Sometime this spring, the current OPS board is likely to hire an outside company to help coordinate the planning effort, such as running discussion workshops for the new board and collecting input from staff members and the public during the summer.
The plan itself probably will be developed this fall, with Evans and his staff outlining specific strategies for meeting the district's top goals.
Ideally, Moon said, the new board can approve the final plan by December. That way, it can be used in making decisions for the 2014-15 school budget.
Moon said the planning process can help newcomer Evans and the newly elected board get up to speed on OPS operations and build relationships with each other outside the structured setting of formal board meetings. No matter how the elections turn out, no more than three of the nine board members will have been in office before this year.
“The process of planning together builds camaraderie, builds relationships and a deeper understanding of how to move forward,” Moon said. “You begin to understand how we work as individuals, how we talk about complicated issues in a nonconfrontational way.”
Evans said he is committed to having a plan that sets out the overall vision for OPS and aligns specific strategies to priority goals. That way, he said, his administration and the board can make sure they devote the most attention and resources to the highest priorities.
He also said it is important to have annual benchmarks to assess whether the district is making progress toward those goals.
“You can't bite off and eat the whole apple in one year,” Evans said. “But did we have a good year, and did we meet those goals?”
Even if the district falls short of a goal, he said, the annual assessment is valuable because it forces school officials to figure out why. Was the strategy implemented well? Is the policy flawed? Or does it just need more time to work?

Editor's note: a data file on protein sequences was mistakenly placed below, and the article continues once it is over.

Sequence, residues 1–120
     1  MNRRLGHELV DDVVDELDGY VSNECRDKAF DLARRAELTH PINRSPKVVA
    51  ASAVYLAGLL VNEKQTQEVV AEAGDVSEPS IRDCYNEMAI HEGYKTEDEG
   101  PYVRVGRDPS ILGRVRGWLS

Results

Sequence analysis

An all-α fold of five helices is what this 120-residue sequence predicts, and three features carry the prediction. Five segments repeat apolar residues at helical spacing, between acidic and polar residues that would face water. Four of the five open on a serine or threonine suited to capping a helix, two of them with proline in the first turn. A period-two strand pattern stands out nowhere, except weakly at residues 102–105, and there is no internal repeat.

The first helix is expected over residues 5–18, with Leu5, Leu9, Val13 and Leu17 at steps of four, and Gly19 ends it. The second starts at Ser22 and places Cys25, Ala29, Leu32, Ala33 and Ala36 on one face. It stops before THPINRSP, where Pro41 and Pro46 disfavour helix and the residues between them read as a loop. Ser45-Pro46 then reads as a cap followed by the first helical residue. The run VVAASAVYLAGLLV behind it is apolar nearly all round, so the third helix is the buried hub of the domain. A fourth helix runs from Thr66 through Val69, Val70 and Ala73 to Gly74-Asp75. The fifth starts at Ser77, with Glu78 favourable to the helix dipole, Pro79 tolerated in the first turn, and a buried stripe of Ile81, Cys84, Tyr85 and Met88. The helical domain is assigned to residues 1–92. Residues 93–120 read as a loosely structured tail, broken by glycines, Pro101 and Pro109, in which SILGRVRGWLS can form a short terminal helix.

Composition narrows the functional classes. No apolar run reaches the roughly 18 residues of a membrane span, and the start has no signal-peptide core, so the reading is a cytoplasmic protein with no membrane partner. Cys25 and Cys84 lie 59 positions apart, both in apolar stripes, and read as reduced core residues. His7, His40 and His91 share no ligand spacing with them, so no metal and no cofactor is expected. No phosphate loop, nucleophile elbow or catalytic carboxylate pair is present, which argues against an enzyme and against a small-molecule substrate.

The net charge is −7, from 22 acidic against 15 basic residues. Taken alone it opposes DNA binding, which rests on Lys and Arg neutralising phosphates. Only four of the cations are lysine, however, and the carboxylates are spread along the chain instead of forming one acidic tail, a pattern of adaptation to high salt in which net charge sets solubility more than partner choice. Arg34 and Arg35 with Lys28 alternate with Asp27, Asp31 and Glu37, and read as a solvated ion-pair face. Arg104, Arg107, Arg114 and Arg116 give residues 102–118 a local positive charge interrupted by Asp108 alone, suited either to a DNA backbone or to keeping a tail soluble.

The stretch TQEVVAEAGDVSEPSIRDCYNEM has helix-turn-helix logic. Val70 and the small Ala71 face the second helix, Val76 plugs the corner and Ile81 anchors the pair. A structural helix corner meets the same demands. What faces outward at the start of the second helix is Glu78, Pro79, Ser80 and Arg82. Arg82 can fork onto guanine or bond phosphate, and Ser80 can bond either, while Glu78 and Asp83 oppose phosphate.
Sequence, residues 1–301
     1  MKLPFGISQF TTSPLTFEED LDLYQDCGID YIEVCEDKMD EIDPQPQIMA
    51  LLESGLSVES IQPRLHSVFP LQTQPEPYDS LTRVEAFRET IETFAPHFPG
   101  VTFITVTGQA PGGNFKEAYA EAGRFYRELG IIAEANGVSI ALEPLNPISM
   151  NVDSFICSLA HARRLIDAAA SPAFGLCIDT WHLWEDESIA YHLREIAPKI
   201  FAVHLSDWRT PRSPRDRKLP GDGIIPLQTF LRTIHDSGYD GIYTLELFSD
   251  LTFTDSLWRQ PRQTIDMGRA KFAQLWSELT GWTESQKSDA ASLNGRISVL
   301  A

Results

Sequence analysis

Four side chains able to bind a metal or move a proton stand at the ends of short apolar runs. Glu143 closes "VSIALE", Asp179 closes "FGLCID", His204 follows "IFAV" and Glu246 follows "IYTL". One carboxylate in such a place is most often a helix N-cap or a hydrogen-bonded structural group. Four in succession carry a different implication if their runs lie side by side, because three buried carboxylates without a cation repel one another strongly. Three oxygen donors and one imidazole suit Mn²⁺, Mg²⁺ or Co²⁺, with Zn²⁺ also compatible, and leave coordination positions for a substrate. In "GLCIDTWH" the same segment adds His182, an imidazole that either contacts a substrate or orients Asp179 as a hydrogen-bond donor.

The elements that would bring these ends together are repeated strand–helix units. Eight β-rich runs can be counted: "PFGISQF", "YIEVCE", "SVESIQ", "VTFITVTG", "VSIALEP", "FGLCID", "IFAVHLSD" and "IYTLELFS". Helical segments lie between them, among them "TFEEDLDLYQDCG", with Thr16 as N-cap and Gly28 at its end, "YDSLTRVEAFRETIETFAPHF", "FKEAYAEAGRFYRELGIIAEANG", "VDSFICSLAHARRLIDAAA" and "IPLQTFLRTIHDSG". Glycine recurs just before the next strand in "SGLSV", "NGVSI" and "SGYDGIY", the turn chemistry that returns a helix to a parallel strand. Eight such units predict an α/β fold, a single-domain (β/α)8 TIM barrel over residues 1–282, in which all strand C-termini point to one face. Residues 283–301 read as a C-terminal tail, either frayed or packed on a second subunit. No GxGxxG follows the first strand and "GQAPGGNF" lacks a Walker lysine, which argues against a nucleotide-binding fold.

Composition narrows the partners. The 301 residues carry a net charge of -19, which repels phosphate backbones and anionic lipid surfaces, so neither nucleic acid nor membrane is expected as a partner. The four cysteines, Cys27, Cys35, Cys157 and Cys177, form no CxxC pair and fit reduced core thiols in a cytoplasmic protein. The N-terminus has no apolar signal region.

“I see myself as accountable to the board in meeting measurable targets,” he said.
Having a plan that requires that accountability will be a big change for OPS, although the school board has been moving in that direction. In November 2011, as part of its superintendent hiring effort, board members met to brainstorm their vision for the district.
Casserly, from the Great City Schools group, served as facilitator for that meeting and prodded the OPS board to tie district goals to measurable performance indicators, something it hadn't been doing.
Interviewed last week, Casserly emphasized that a strategic plan is needed to build a good relationship between a district and its community.
“Without a clearly articulated direction,” he said, “it's not entirely clear to the community where you're going and why, and what it is they should expect, and what kinds of results might be obtained, and how (the board) holds people responsible for the outcomes.”
Evans anticipates that the new OPS strategic plan will lead to stronger public support.
In part, he said, that's because the district will consider community input in creating the plan. In addition, he said, citizens will see more clearly how the district is trying to reach those goals, and they'll know the results are being measured.
“Once we create that clarity,” Evans said, “then we're accountable to it.”